The Savings equals Investment condition: What can this tell us about organic growth?

It is known by macroeconomists through the circular flow of income that, given a balanced budget and current account of goods and services, aggregate savings by households is equivalent to aggregate investment by businesses.

It took me a while to understand how this works, but having done some reading and thinking, I have been interested in looking at this in more detail.

Definitions and Assumptions of S=I

By investment here we mean the purchasing of plant, property and equipment or the development of intangible assets. We can see investment resembling the addition to fixed assets of firms over a period of time.

By savings we mean any income that is not personal consumption. To build up wealth not including one’s own house, car and such.

Given the assumption that savings has tended to equal investment over a stretch of time it must be true that aggregate savings of households equals total fixed assets or capital of firms. For if the current account is balanced so is the capital account, thus any savings directed for investment overseas is offset by FDI.

Given this, we are in the same position if we assume, for simplicity that there is no flow of capital across borders.

Balanced budgets over time mean, on the whole, no outstanding government bonds which could be a haven for savings.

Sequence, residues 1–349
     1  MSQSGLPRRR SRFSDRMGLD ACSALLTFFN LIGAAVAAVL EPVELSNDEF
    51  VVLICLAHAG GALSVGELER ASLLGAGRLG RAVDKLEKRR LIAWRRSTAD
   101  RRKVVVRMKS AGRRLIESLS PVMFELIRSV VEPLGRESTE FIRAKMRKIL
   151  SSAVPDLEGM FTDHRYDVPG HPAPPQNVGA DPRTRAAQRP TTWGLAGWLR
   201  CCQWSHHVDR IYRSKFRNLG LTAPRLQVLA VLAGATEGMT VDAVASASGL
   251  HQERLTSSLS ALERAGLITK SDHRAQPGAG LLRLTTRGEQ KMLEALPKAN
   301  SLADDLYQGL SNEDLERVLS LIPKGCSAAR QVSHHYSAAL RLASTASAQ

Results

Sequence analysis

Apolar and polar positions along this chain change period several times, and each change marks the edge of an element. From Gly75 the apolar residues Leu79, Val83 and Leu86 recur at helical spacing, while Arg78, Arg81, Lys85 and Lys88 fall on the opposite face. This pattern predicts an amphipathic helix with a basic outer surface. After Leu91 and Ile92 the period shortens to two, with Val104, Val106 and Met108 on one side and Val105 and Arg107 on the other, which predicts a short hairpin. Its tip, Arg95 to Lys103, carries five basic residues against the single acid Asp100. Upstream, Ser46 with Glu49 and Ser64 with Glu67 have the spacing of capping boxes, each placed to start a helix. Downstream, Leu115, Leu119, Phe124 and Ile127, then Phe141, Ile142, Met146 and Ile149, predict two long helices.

What Can This Tell Us?

Through S=I, we may be able to learn a few things….

Firstly we must know that Investment by businesses is done by 2 methods.

  1. Businesses money: Retained earnings
  2. Other people’s money: Stock or debt issues

Household savings only fills in #2, through the banking system, funds of various sorts and personal interests in ventures in the macro economy. When stock and debt is owned by another business, it can be seen as ownership by owners of the holding company. Household savings do not go to organic investment.

So this leads us to the idea that #1, the buying of capital by retained earnings is equal, given our assumptions, to household savings not held in stock or business debt over any period of time.

This would be investments in household and mortgage debt. Consumer, not producer debt.

Government securities are another use of savings but are excluded with the assumption of a balanced fiscal policy over time….


Without going into great detail, but using the savings=investment condition and the assumptions and defintions given. We can come to the idea that:

Investment through retained earnings is roughly equal to total outstanding household and mortgage debt (consumer debt), and this influences organic growth…..

Sure, there are a few things that haven’t been considered, such as depreciation and why stock and debt issues are reasonably assumed to be for the purpose of investment etc but on the surface what I have come up with appears to be true. It is a bare bones and there may be something I have missed out!

Thoughts please.


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